I don’t feature individual podcasts much anymore. Still great stuff passing through my earplugs while walking the dogs, but few podcasts stand-out enough to require their own post. This particular podcast from Buzz Bruggeman of ActiveWords captures The Brief History of Blogging from a guy who experienced it from several perspectives. Here is Doug Kaye’s podcast description:
A four star review in USA Today, read by more than 2.3 million people got ActiveWords all of 32 downloads, but, a blog post by popular blogger Robert Scoble resulted in more than ten times that number. Buzz Bruggeman, the founder and EVP of ActiveWords Inc. speaks about his experiences in marketing and selling his company’s software and the networking tools he uses. He discusses how a huge advertising budget may no longer be the only way to reach people.
A segment I really enjoyed was Buzz’s recollection of Qwest’s Joe Nacchio getting tagged real-time by bloggers during a presentation when they discovered he was selling off his company’s stock as fast as he could while reading facts appearing on their laptops while he was speaking. I heard this Blogging Urban Legend before, but it was good to hear Buzz describe it. If you don’t know anything about the Joe Nacchio blogging incident, here’s an excellent description from Dan Gillmor in the forward of We Media.
In March 2002, at the annual PC Forum conference in suburban Phoenix, a telecommunications chief executive found himself on the receiving end of acerbic commentary from a pair of weblog writers who found his on-stage comments wanting. Joe Nacchio, then the head of Qwest Communications, was complaining about the travails of running his monopoly. Doc Searls, a magazine writer, and I were posting on our blogs via the wireless conference network. A lawyer and software developer named Buzz Bruggeman, “watching” the proceedings from his office in Florida, e-mailed both of us a note pointing to a Web page showing Nacchio’s enormous cash-in of Qwest stock while the share price was heading downhill. We noted this in our blogs, and offered virtual tips of the hat to Bruggeman. Many in the audience were online, and some were amusing themselves reading our comments. The mood toward Nacchio chilled.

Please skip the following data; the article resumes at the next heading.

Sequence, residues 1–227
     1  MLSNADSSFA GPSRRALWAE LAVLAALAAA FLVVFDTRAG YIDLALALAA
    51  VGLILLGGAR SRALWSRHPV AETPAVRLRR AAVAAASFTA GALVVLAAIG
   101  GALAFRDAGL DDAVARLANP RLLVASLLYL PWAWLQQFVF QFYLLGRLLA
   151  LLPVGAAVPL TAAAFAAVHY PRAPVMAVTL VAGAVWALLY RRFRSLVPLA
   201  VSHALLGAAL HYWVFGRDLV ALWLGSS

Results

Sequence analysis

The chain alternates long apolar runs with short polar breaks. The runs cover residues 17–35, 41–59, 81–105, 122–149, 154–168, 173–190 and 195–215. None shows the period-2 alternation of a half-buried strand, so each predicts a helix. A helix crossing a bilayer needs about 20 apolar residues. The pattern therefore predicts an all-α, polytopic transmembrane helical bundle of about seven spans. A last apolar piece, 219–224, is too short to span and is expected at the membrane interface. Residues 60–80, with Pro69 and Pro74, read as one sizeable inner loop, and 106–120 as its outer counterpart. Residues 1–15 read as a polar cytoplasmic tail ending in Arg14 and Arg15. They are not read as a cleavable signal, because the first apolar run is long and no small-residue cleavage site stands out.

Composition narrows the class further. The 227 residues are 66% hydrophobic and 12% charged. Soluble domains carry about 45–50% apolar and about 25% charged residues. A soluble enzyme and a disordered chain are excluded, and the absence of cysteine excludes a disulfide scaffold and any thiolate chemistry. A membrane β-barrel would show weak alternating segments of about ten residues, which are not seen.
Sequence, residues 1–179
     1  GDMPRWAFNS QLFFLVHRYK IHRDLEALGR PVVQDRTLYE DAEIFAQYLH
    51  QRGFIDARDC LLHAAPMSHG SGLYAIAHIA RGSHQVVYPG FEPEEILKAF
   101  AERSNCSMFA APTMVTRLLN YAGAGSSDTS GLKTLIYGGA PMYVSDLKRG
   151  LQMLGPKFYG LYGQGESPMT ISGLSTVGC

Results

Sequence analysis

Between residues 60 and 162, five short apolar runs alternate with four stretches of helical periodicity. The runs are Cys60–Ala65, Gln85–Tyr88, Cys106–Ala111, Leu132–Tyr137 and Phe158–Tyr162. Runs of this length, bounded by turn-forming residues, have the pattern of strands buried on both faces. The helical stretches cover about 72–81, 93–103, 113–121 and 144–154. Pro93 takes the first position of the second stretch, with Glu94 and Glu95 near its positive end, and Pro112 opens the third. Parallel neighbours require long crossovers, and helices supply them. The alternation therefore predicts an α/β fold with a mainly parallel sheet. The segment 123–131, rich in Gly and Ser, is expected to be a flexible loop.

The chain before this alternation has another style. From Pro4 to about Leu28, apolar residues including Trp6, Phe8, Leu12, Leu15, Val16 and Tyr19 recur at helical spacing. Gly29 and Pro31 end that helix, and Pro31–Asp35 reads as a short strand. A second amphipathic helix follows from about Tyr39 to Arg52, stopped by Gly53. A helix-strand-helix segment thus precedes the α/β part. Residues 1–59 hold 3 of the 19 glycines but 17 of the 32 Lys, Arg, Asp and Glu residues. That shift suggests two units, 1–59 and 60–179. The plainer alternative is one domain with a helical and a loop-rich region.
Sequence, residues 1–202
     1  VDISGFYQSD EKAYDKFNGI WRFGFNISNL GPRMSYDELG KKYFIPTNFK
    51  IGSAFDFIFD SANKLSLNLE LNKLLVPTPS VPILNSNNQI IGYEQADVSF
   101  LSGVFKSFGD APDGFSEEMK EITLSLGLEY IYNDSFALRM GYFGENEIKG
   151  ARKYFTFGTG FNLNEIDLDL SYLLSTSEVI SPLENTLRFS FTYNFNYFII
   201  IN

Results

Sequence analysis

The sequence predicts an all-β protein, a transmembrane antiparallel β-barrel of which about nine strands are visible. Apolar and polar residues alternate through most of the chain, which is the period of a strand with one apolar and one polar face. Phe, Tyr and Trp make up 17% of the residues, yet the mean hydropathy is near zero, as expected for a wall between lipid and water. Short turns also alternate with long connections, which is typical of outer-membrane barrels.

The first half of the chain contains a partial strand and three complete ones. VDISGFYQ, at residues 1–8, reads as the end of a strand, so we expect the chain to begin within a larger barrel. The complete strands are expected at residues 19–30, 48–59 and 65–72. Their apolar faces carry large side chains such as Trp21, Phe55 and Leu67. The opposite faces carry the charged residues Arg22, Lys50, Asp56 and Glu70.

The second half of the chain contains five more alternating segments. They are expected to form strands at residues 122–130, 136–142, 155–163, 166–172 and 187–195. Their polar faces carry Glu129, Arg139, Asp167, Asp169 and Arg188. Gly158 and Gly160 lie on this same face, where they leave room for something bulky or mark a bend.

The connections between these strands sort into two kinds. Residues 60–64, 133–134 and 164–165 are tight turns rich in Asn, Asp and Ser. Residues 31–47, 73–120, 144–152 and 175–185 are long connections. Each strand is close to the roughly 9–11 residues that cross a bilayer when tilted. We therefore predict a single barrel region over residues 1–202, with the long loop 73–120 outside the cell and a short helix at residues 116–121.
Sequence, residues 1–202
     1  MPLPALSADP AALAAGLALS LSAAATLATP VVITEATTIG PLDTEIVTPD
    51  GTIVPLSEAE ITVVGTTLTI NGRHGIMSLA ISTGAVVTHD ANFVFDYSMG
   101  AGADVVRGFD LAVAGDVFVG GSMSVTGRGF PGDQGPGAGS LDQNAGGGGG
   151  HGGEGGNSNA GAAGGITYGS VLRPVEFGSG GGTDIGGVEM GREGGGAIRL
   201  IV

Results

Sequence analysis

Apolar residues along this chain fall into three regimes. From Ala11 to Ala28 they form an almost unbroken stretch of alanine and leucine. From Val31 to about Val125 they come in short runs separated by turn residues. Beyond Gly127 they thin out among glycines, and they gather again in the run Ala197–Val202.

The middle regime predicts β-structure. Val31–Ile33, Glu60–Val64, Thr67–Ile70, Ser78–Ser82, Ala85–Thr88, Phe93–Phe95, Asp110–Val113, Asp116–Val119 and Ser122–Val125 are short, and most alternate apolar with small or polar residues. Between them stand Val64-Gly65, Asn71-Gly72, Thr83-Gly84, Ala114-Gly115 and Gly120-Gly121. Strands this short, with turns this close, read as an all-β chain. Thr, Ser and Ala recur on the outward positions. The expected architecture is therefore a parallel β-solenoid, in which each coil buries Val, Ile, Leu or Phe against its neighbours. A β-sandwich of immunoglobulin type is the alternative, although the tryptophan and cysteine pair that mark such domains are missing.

Were we somehow responsible for turning the audience against Nacchio? Perhaps the blogging played a small role, though I’m fairly sure he was more than capable of annoying the crowd all by himself. But the incident was a wakeup call. It reflected the power of blogs, a form of participatory journalism that has exploded into popularity in recent years. And it showed how these techniques are irrevocably changing the nature of journalism, because they’re giving enormous new power to what had been a mostly passive audience in the past.
The Buzz Bruggeman podcast description and download is located here.